Everybody wants the world to be black and white, with the good folk on one side and the bad on the other: a simplistic binary world we can easily align ourselves with according to our disposition. Unfortunately the world is not like this at all.

It will soon emerge, without a doubt, that individuals have conspired to bring their adversary down. That things that at first seemed spontaneous — an emotional reaction to fast-paced events — were in fact planned well in advance. The final mechanism of release may indeed have been impromptu, but behind the scenes, long before then, a conspiracy was set in motion: not in the halls of secret societies or the corridors of power, but between journalists, paparazzi and private citizens.

The paparazzi knows how to win his scoop: target the naive ego of an individual who is as malleable as pâté and as responsive as a ping-pong ball, bouncing in whichever direction it is hit, turning this way and that to please the seemingly adoring crowd of the moment. The paparazzi’s first prey doesn’t even realise they are being used: their ego stands in the way of their intellect, blinding them to this reality.

In this catastrophe, there is no innocent victim; no simple binary, of good and bad. There are back stories that have been exploited by those who really have no concern for alleged victims. They are double victims, their stories merely a weapon employed to bring an adversary to his knees. One day it will all come crashing down around them and they will be left to pick up the pieces of their lives as the paparazzi moves on to new prey.

Yes, the conspiracy is real, but it is not as imagined: of a cabal of Zionists, or Freemasons, or of other assorted bogeymen. No, just of self-interested journalists pursuing a story to stem the flagging sales of the newspapers of their paymasters. The paparazzi is a vile creature, seeking riches from the misfortunes of others. He is driven not by morality or a noble cause, but by the stirring of controversy. Here he is in his element.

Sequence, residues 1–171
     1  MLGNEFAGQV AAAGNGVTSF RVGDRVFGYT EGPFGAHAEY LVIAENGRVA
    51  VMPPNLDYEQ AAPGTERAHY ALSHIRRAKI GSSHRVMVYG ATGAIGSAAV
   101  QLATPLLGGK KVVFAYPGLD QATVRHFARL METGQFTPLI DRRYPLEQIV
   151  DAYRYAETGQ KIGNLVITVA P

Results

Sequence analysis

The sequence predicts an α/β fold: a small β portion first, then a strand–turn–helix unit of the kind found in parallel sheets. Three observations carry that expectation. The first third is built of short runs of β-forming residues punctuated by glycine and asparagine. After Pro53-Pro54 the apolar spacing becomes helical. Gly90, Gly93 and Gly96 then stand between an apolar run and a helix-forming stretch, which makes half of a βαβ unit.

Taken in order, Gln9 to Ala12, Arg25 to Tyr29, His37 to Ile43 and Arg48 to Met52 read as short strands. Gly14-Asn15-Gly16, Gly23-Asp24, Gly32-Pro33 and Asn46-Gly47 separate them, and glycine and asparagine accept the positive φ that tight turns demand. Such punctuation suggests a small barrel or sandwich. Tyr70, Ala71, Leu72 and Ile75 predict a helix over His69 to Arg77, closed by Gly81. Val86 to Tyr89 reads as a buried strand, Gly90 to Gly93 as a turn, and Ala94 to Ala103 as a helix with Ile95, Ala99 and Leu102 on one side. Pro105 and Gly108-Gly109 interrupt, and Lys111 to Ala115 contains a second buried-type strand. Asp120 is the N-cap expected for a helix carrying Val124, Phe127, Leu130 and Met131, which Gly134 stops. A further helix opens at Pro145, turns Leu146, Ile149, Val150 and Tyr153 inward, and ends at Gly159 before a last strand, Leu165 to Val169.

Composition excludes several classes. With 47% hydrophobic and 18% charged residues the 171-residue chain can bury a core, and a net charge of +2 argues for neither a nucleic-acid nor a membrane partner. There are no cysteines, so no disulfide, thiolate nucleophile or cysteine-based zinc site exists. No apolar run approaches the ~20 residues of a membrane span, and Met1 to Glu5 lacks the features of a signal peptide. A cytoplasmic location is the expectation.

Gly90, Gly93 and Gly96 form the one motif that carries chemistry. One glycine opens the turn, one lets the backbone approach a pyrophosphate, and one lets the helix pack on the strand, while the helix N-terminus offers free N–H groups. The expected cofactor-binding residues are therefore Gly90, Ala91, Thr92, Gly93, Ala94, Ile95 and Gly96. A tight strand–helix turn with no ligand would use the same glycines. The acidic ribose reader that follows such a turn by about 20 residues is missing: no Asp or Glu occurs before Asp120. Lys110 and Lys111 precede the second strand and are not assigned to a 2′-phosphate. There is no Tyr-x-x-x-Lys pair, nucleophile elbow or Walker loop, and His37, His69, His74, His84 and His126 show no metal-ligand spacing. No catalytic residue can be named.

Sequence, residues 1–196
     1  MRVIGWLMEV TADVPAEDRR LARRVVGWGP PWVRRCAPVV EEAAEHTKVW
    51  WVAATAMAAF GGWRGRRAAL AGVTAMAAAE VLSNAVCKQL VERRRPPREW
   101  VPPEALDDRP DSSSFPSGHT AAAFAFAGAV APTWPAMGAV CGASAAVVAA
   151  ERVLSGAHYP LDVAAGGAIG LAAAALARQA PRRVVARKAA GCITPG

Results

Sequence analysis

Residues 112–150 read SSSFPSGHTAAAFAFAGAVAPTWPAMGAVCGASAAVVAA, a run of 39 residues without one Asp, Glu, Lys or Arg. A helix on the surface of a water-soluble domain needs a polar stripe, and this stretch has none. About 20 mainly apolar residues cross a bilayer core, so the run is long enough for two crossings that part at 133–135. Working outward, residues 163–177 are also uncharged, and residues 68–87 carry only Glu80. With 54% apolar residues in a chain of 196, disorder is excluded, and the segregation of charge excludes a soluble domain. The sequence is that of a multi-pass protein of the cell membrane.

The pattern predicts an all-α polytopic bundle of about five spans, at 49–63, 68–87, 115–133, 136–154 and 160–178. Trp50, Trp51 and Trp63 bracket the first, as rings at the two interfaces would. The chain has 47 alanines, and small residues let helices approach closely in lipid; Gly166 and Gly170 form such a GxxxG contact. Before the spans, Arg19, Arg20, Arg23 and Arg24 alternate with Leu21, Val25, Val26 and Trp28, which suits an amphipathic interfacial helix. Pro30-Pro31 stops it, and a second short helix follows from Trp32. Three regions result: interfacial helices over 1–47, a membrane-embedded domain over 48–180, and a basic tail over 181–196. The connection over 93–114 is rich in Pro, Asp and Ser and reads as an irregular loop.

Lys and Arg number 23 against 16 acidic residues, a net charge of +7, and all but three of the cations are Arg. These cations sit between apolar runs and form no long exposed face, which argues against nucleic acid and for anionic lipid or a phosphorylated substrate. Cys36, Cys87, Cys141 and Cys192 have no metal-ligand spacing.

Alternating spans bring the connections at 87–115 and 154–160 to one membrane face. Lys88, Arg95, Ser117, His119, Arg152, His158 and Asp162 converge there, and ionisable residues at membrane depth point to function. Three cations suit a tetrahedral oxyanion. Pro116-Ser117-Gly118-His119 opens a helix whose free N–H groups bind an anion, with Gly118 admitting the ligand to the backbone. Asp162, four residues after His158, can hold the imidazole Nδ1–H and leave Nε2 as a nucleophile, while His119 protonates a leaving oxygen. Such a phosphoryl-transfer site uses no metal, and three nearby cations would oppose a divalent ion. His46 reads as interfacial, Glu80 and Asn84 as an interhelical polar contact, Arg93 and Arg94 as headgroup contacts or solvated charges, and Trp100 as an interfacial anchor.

Conspiracies as imagined by the masses invoke the spectacle of false flags and fake news: of innocent protagonists brought down by underhand plots. But yet again, the world is not like this; there are no simple binaries of good and bad. Real conspiracies are built upon the fuzzy complexities of human nature. They exploit the real weaknesses of the protagonists.

It is here that the journalists and the paparazzi conspired to bring their adversary down by publicising allegations long made of serious misdemeanours and misadventures. They started not with a blank canvas, but with one already painted on, in layers and layers of staining colour. It was not necessary to manufacture evidence: it was only necessary to convince silenced voices to make themselves heard.

Many were approached to give their testimony and many declined, refusing to allow their stories to be exploited by journalists and paparazzi with ulterior motives. Though they had stories to tell, they engaged their intellects and turned away from the conspiring ones, preferring silence to the limelight. But the attention seeking ego is more easily swayed, by those newfound friends who substituted the promises of paradise they long believed in with promises of riches and fame and status.

And so it always is. The narrative of an endemic problem with grooming gangs in Britain is founded on realities on the ground: that journalists and social commentators conspire to exploit these stories for their own political ends is an unfortunate consequence. The hypocrisy at play may be abominable, but the hypocrites are merely holding up a mirror in front of us, allowing us to take a long hard look at ourselves. Yes they conspire, and plot and plan, but they only succeed because we conspire too.

Yes, we plot and plan, but Allah is the best of planners, and never will He grant us success for as long as we engage in these conspiracies of our own: living undercover lives that fall so very short of the moralities we proclaim. We live lives in which good and bad is intermingled irredeemably, and, but for the mercy and grace of our Lord, it will be our downfall.

Leave feedback

Fill in your details below or click an icon to log in: Logo

You are commenting using your account. Log Out /  Change )

Twitter picture

You are commenting using your Twitter account. Log Out /  Change )

Facebook photo

You are commenting using your Facebook account. Log Out /  Change )

Connecting to %s

This site uses Akismet to reduce spam. Learn how your comment data is processed.